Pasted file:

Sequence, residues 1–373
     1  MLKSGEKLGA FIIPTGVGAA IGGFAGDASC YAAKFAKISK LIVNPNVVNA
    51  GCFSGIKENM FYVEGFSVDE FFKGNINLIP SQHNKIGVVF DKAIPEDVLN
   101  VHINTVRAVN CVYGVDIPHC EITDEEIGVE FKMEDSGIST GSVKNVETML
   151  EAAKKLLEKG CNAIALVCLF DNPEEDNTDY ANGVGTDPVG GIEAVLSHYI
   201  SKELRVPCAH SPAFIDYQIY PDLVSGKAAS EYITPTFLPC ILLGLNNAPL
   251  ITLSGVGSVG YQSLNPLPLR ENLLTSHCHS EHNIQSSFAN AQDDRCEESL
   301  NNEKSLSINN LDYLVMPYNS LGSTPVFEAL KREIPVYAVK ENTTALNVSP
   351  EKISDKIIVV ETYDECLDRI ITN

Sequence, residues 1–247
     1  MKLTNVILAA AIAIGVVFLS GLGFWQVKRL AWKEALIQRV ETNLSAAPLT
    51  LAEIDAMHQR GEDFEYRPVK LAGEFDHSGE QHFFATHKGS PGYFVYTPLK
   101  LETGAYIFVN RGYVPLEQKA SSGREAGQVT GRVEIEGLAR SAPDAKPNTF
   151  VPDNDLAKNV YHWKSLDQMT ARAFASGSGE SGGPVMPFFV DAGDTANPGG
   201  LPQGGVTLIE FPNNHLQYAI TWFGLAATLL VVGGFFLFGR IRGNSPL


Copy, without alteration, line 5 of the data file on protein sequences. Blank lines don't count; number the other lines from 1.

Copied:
   151  EAAKKLLEKG CNAIALVCLF DNPEEDNTDY ANGVGTDPVG GIEAVLSHYI